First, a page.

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Diagnostic Accuracy Of Power-Doppler Ultrasound In Patients With Chronic Tennis Elbow.
  1. Cornelius du Toit
  1. Saunders Sports Medicine, Australia
    1. Mark Stieler
    1. Clarke and Robertson Radiology, Australia
      1. Roy Saunders
      1. Saunders Sports Medicine, Australia
        1. Leanne Bisset
        1. Univeristy of Queensland and Griffith University, Australia
          1. Bill Vicenzino (b.vicenzino{at}
          1. University of Queensland, Australia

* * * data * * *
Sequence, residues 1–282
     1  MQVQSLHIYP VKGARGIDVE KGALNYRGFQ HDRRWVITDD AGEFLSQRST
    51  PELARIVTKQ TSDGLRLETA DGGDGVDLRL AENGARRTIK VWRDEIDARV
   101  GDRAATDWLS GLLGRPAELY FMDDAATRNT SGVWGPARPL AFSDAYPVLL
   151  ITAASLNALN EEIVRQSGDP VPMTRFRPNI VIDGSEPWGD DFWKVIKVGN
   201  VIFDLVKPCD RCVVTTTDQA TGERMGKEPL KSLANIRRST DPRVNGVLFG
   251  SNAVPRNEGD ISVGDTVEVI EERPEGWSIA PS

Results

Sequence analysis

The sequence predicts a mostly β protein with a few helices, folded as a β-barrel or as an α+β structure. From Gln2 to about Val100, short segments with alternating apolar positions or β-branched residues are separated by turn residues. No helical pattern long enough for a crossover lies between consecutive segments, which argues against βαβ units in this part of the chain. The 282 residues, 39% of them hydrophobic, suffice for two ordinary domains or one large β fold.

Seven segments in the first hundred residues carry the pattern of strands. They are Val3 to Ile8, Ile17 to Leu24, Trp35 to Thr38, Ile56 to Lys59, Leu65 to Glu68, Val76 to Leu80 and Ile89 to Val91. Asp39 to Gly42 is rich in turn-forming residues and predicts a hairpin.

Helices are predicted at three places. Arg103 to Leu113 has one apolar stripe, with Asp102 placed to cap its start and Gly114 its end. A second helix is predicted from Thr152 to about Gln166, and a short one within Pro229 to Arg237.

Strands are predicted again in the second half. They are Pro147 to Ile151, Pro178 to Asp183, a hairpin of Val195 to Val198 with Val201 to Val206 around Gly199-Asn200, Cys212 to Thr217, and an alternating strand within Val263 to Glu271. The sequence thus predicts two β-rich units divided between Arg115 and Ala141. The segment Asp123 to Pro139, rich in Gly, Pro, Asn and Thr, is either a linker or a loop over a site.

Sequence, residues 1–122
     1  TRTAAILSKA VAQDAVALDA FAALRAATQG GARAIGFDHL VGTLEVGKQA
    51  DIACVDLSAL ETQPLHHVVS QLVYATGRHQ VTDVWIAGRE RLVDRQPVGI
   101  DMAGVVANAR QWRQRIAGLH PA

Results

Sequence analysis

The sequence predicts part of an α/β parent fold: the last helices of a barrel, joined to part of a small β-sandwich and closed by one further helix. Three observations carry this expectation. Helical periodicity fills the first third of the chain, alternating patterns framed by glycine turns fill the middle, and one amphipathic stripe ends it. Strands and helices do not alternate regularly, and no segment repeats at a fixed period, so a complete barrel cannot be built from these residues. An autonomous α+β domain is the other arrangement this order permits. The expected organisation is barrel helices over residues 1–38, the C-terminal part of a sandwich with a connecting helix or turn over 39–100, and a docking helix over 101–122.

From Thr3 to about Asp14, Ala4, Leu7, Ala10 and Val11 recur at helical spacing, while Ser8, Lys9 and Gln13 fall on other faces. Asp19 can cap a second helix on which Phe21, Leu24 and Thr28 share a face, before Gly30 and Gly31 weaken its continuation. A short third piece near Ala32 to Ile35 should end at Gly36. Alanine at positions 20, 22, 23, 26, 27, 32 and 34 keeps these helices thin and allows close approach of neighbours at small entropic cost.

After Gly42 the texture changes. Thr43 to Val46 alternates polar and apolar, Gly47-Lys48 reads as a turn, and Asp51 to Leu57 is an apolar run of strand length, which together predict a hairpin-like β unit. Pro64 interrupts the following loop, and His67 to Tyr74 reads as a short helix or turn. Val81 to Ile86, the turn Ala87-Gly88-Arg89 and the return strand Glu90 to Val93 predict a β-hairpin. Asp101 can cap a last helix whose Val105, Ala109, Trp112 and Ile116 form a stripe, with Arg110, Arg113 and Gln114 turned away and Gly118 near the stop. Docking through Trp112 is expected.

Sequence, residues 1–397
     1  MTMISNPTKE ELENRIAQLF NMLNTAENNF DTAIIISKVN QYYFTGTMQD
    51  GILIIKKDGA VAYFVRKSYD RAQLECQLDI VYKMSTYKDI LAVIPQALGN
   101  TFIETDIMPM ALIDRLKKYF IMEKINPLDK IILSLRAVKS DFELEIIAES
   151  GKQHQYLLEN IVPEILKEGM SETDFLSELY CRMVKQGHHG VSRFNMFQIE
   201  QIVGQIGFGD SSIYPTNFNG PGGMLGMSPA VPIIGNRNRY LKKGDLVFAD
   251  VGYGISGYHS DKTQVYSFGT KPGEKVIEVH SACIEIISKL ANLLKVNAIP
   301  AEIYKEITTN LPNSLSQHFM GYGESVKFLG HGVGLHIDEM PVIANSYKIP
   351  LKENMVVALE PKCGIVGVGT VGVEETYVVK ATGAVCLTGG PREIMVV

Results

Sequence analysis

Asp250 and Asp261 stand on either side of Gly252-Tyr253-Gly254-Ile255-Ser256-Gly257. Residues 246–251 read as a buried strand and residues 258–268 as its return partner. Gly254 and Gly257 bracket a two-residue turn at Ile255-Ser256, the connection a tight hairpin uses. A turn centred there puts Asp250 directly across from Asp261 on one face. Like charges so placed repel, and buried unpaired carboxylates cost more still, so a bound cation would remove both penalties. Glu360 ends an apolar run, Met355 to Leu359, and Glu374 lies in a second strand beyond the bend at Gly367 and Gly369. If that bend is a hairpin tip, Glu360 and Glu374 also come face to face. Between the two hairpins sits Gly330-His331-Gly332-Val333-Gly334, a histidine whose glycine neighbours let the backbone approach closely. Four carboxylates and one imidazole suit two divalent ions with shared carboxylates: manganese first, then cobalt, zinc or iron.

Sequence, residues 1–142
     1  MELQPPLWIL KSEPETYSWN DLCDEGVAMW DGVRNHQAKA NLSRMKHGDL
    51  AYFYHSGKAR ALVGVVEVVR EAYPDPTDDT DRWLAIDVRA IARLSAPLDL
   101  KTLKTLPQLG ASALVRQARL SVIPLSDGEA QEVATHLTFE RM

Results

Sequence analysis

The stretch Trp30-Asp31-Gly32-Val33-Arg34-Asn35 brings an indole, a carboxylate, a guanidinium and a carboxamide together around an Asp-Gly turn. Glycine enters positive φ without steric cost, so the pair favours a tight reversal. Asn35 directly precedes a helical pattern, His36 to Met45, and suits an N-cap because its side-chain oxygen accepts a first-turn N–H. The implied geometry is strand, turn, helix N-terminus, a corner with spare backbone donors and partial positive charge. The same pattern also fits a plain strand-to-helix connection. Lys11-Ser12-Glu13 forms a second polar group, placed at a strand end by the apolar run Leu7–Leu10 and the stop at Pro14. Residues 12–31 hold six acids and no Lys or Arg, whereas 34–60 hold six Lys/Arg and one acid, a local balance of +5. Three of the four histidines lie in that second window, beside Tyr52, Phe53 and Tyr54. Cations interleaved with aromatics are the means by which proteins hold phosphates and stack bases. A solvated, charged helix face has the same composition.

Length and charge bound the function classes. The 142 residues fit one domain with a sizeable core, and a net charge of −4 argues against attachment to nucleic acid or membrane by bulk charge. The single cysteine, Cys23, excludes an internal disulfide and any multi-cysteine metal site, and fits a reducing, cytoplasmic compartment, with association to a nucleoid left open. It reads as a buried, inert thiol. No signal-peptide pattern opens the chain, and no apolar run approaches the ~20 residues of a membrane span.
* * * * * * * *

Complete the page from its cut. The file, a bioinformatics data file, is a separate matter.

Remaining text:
Objective: Determine the diagnostic accuracy of power-Doppler and grey-scale ultrasonography, assess the relationship between severity measures and neovascularity, and describe the intra-tendon distribution of neovascularity in chronic tennis elbow.<br> Design: Between-group cross-sectional study.<br> Setting: Sports medicine clinic and radiology centre.<br> Participants: Thirty-two affected elbows (median and range of duration: 10; 3 to 120 months) and 18 unaffected contralateral elbows in 25 patients (mean age 50 years) with lateral elbow pain, and 38 unaffected elbows in 19 asymptomatic participants (mean age 45 years) underwent a clinical examination (reference standard test) and grey-scale and power-Doppler ultrasonographic examination.<br> Main outcome measures: Ultrasound examination with power-Doppler identified neovascularity and grey-scale ultrasound changes (lateral epicondyle bony spurring or irregularity, maximum anterior-posterior thickness, and echo characteristics) of the common extensor tendon. <br> Results: Power-Doppler had a strong positive likelihood ratio (LR) of 45.39; whereas a combined null finding in power-Doppler and grey-scale ultrasonography resulted in a robust negative LR (0.05). Grey-scale changes were generally not as diagnostically accurate. Common extensor tendon neovascularity was equally distributed between the superficial and deep part of the tendon, and clinical severity measures did not correlate with neovascularity scores. <br> Conclusions: Neovascularity identified with power-Doppler ultrasonography when compared to grey scale changes (alone or in combination with Doppler) was diagnostically superior in identifying chronic tennis elbow. The lack of both neovascularity and grey-scale changes on ultrasound examination also substantially increase the probability that the condition is not present and should prompt the clinician to consider other causes for lateral elbow pain.

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